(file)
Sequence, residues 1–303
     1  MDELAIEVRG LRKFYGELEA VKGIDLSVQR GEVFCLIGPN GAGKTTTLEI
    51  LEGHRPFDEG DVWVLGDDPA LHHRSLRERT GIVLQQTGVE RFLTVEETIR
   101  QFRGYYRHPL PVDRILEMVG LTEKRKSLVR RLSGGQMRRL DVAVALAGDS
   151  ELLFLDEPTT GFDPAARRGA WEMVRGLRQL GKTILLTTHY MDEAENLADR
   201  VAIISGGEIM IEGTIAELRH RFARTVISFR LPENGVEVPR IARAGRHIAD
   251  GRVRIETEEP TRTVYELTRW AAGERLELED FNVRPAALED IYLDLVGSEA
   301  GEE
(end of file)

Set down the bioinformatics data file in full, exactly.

Sequence, residues 1–303
     1  MDELAIEVRG LRKFYGELEA VKGIDLSVQR GEVFCLIGPN GAGKTTTLEI
    51  LEGHRPFDEG DVWVLGDDPA LHHRSLRERT GIVLQQTGVE RFLTVEETIR
   101  QFRGYYRHPL PVDRILEMVG LTEKRKSLVR RLSGGQMRRL DVAVALAGDS
   151  ELLFLDEPTT GFDPAARRGA WEMVRGLRQL GKTILLTTHY MDEAENLADR
   201  VAIISGGEIM IEGTIAELRH RFARTVISFR LPENGVEVPR IARAGRHIAD
   251  GRVRIETEEP TRTVYELTRW AAGERLELED FNVRPAALED IYLDLVGSEA
   301  GEE